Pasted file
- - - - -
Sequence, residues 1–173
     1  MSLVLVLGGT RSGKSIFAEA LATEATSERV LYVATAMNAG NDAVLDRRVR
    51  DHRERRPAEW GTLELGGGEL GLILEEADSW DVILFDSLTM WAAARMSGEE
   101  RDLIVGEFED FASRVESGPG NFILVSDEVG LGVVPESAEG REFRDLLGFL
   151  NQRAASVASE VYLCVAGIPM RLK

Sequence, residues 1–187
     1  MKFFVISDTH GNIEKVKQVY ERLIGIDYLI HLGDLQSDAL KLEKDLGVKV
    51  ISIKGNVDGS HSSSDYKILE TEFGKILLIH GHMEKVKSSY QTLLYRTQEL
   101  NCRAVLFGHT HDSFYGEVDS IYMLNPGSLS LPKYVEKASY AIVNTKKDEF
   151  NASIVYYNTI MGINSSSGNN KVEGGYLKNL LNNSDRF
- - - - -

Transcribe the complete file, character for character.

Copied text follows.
Sequence, residues 1–173
     1  MSLVLVLGGT RSGKSIFAEA LATEATSERV LYVATAMNAG NDAVLDRRVR
    51  DHRERRPAEW GTLELGGGEL GLILEEADSW DVILFDSLTM WAAARMSGEE
   101  RDLIVGEFED FASRVESGPG NFILVSDEVG LGVVPESAEG REFRDLLGFL
   151  NQRAASVASE VYLCVAGIPM RLK

Sequence, residues 1–187
     1  MKFFVISDTH GNIEKVKQVY ERLIGIDYLI HLGDLQSDAL KLEKDLGVKV
    51  ISIKGNVDGS HSSSDYKILE TEFGKILLIH GHMEKVKSSY QTLLYRTQEL
   101  NCRAVLFGHT HDSFYGEVDS IYMLNPGSLS LPKYVEKASY AIVNTKKDEF
   151  NASIVYYNTI MGINSSSGNN KVEGGYLKNL LNNSDRF